Light, fluffy, and airy, this vanilla-scented cake makes for a elegant foundation for your favorite cake embellishments. For us personally, ice cream, whipped cream, and berries rank high on our musts lists. Although we’d love to hear what you do to embellish angel food cake. Kindly let us know in a comment below.–Angie Zoobkoff


This is an answer for those of us that can restrain ourselves. Obviously, some of us never have to worry about the good stuff going stale. However, if you’re not an all-or-nothing eater, then an average angel food cake will remain fresh and temptingly delicious for 4 to 5 days at room temperature. And about that—it’s best to store an angel food cake at room temperature with an airtight cover. Refrigerating any cake does extend its shelf life, but it also distorts the fresh texture and flavor of your cake. This makes it perfect for toasting or dipping in fondue though…just so you know.

A vanilla angel food cake in Bundt form, with a slice on its side, all sprinkled with powdered sugar

Vanilla Angel Food Cake

5 / 4 votes
This vanilla angel food cake has all the delicate goodness of classic angel food cake but is made better with the addition of pure vanilla and a blizzard of confectioners' sugar. But that's not to say you can't continue to improve on it with your favorite embellishment.
David Leite
Servings12 servings
Calories148 kcal
Prep Time20 minutes
Cook Time40 minutes
Total Time2 hours


  • 9-inch (23-cm) tube pan


  • 12 large egg whites, at room temperature
  • 1 teaspoon cream of tartar
  • 1 1/4 cups superfine sugar, or just blitz granulated sugar in a blender until finely ground but not powdery
  • 2 teaspoons vanilla extract
  • 1 cup all-purpose flour
  • Confectioners’ sugar, for dusting


  • Preheat oven to 350°F (180°C).
  • In the bowl of an electric mixer fitted with the whisk attachment, combine the egg whites and cream of tartar and whisk on high speed until soft peaks form, 3 to 5 minutes. Gradually add 3/4 cup superfine sugar and vanilla and whisk until thick and glossy.
  • In a medium bowl sift together the flour and 1/2 cup superfine sugar. Sift for a second time over the egg white mixture and gently fold to combine.
  • Spoon the mixture into an unbuttered 9-inch (23-cm) tube pan and smooth the top. Bake until the cake comes away from the sides of the pan, 35 to 40 minutes. Invert the pan and set aside until cooled completely, about 1 hour.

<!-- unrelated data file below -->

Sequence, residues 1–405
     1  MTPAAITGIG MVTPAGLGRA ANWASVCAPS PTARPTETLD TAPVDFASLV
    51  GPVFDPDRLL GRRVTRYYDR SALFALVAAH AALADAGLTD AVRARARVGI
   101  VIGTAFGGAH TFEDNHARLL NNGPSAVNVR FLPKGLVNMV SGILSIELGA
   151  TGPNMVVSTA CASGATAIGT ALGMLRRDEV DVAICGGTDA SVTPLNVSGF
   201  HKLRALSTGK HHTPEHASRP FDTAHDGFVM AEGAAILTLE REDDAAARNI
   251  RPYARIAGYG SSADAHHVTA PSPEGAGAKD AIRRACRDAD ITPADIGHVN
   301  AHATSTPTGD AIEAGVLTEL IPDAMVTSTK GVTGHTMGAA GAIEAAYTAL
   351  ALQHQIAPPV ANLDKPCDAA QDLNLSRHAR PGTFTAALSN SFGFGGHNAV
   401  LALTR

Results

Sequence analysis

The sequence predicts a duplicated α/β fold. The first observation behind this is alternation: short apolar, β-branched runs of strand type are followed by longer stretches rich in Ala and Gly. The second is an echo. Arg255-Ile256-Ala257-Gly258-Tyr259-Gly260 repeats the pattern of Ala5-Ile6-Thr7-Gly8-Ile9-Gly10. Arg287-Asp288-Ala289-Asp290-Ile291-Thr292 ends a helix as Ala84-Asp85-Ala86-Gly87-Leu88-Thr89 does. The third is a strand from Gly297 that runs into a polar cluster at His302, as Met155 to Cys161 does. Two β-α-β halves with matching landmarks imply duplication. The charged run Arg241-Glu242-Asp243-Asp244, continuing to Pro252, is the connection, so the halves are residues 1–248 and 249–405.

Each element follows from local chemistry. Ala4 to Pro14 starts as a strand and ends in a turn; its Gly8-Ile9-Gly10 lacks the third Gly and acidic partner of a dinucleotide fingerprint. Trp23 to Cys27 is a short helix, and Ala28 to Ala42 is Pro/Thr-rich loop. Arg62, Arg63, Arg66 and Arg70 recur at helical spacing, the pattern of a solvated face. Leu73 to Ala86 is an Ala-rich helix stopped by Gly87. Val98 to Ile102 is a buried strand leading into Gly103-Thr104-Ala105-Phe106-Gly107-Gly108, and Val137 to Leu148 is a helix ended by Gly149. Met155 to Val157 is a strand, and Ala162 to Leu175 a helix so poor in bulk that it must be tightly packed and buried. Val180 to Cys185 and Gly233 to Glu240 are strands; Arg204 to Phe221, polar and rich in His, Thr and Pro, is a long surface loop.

• Using a butter knife, carefully loosen the edge of the cake from the pan and gently release it onto a cake stand or serving plate. Dust with confectioners’ sugar to serve.

Adapted From

Donna Hay Modern Baking

Buy On Amazon


Serving: 1 sliceCalories: 148 kcalCarbohydrates: 32 gProtein: 5 gFat: 1 gSaturated Fat: 1 gSodium: 55 mgFiber: 1 gSugar: 24 g

Nutrition information is automatically calculated, so should only be used as an approximation.

Tried this recipe?Mention @leitesculinaria or tag #leitesculinaria!
Recipe © 2018 Donna Hay. Photo © 2018 HarperCollins. All rights reserved.

Recipe Testers’ Reviews

This vanilla angel food cake is easy to prepare and calls for just 5 ingredients. It has a light and fluffy texture and it’s sweet without being cloying. In summer, it’s delicious with fresh berries and whipped cream, while in winter it’s perfect for dipping with chocolate fondue.

This is a classic, delicious angel food cake! A lovely dessert on its own or accompaniment to a host of options.

The recipe is simple but be careful to continue folding as I found many pockets of the sifted flour mixture even after I thought it all was incorporated. I’d also recommend a high quality vanilla, as it’s the featured flavor in the cake.

We enjoyed it with both ice cream and whipped cream but will definitely make it again to serve with seasonal fruit.